PWF HEAVYWEIGHT CHAMPIONSHIP
GIANT BABA © VS. STAN HANSEN
We continue here less than three months after the previous match on this list with the first-ever singles match between Baba and Hansen.
With each passing year on this list, Baba slows down more and more. That’s really apparent here, but frankly, it barely matters. The crowd was electric in this and all Baba needed to do was throw chops and big boots and Hansen would do the rest. Even if the middle of this match was slow and featured a lot of holds, it still felt like an epic encounter.
That this would end in a double DQ didn’t feel cheap, given how heated the match and the angle leading up to it was. They would continue an on-again, off-again, feud over the PWF Heavyweight Title until 1985 when Baba moved himself out of the main event scene.
FEBRUARY 25, 1983
NWA INTERNATIONAL JR. HEAVYWEIGHT CHAMPIONSHIP
ATSUSHI ONITA VS. DOS CARAS
You can’t talk about 1980s All Japan without at least touching on Onita. He was practically an adopted son to the Babas and was groomed to be a Jr. Heavyweight star in a company that never really had one up to this point.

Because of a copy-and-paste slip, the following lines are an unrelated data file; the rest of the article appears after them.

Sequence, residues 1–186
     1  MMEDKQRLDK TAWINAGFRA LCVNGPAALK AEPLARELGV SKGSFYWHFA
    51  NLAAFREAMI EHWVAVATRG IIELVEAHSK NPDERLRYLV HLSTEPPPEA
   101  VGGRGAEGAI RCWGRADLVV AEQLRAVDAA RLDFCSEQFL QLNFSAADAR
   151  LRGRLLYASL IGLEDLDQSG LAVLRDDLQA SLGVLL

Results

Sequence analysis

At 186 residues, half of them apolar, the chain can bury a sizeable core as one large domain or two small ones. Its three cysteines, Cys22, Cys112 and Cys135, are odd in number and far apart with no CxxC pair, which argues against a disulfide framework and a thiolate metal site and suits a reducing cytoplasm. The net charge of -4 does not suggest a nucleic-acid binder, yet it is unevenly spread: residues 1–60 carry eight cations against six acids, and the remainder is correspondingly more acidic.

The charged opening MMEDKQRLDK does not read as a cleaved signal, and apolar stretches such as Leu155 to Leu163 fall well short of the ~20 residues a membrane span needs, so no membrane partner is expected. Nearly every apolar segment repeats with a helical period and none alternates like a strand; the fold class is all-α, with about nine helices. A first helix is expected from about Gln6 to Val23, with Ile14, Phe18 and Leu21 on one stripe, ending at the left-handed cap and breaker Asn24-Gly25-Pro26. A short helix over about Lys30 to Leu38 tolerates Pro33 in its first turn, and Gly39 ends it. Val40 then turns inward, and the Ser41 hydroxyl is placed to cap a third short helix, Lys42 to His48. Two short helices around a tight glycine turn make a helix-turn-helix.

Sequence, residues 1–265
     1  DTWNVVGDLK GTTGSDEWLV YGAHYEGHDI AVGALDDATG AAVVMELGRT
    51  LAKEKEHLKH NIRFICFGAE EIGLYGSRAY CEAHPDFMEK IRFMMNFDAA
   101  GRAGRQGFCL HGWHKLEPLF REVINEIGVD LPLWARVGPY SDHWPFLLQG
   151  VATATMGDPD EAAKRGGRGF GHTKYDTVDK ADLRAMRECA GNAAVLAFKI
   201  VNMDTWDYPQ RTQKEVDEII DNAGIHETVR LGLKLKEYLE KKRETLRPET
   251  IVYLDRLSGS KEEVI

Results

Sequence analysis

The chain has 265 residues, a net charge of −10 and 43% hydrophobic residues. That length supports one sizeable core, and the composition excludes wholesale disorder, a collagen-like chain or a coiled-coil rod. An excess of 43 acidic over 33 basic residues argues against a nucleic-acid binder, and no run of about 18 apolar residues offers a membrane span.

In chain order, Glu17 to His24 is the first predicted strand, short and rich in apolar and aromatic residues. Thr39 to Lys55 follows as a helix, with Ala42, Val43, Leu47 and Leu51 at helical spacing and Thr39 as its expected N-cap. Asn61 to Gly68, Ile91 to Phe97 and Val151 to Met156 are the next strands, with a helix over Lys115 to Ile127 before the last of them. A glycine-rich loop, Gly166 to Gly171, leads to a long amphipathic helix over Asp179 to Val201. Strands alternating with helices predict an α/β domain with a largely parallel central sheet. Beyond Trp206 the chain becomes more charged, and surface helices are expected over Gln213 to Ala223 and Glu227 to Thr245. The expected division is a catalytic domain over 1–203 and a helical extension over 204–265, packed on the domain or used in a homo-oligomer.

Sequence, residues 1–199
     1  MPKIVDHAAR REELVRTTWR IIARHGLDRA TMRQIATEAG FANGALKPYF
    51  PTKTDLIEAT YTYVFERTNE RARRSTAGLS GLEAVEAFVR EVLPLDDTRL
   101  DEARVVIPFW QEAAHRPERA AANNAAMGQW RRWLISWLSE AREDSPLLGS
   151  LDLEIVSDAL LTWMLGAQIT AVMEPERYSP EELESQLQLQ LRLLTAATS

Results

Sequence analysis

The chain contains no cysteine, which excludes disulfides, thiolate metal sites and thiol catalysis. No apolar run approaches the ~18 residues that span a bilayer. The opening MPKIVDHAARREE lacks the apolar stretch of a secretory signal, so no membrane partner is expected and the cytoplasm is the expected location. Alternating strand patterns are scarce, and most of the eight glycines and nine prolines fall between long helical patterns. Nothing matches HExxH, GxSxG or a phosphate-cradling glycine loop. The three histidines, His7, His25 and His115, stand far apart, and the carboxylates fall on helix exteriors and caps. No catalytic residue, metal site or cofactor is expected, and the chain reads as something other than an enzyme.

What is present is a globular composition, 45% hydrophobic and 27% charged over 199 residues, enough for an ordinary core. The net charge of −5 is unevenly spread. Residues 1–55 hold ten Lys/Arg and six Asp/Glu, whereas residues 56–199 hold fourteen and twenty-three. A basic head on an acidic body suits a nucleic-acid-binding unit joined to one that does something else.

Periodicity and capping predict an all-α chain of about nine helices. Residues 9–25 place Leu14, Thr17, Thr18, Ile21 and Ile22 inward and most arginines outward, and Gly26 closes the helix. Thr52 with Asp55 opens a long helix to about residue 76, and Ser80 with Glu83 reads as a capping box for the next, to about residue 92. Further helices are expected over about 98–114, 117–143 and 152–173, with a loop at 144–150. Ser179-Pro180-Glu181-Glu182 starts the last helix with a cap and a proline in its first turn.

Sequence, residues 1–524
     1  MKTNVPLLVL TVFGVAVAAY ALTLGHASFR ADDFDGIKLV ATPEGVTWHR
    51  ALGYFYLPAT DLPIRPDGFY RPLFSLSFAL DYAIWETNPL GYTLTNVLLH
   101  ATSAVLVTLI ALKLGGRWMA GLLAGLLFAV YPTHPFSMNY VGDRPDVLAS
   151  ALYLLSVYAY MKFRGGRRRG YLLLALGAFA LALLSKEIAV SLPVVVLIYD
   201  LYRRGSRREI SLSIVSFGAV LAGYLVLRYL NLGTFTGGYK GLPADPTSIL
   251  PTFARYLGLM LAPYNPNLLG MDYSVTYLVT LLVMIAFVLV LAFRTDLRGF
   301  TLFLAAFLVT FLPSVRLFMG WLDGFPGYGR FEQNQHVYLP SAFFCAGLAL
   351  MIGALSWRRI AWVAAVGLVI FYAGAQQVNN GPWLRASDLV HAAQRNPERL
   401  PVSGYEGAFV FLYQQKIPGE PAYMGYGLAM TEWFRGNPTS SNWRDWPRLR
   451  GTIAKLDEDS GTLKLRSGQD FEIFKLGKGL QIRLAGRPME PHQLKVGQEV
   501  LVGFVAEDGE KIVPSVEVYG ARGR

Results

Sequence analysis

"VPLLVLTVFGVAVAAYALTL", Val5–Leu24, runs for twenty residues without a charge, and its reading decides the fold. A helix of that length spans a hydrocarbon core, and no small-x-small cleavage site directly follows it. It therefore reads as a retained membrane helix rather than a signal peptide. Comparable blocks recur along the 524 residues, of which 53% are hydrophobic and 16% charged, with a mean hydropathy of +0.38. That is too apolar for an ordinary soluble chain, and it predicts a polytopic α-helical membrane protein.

You can already see some of the charisma that would make Onita a superstar in the 1990s here. But what may surprise you is just how nimble and athletic he was before suffering a freak knee injury that would lead to his first retirement. He was more than capable of hanging with an accomplished lucha technician like Dos Caras.
The Jr. division in this period was not immune from the same kind of booking as the heavyweights, as this match ended in a double countout. But still, if you’ve never seen Onita in All Japan, you need to check this out
FEBRUARY 23, 1984
AWA WORLD HEAVYWEIGHT CHAMPIONSHIP/NWA INTERNATIONAL HEAVYWEIGHT CHAMPIONSHIP
NICK BOCKWINKEL (AWA WORLD) VS. JUMBO TSURUTA (NWA INTERNATIONAL)
Much like he paid for his three NWA World Title reigns, Baba would buy a world title reign for Jumbo, but in this case, it was the AWA World Title.
As an added bonus in this match, Terry Funk, dressed like he’s a Blackjack dealer or something, was the special guest referee.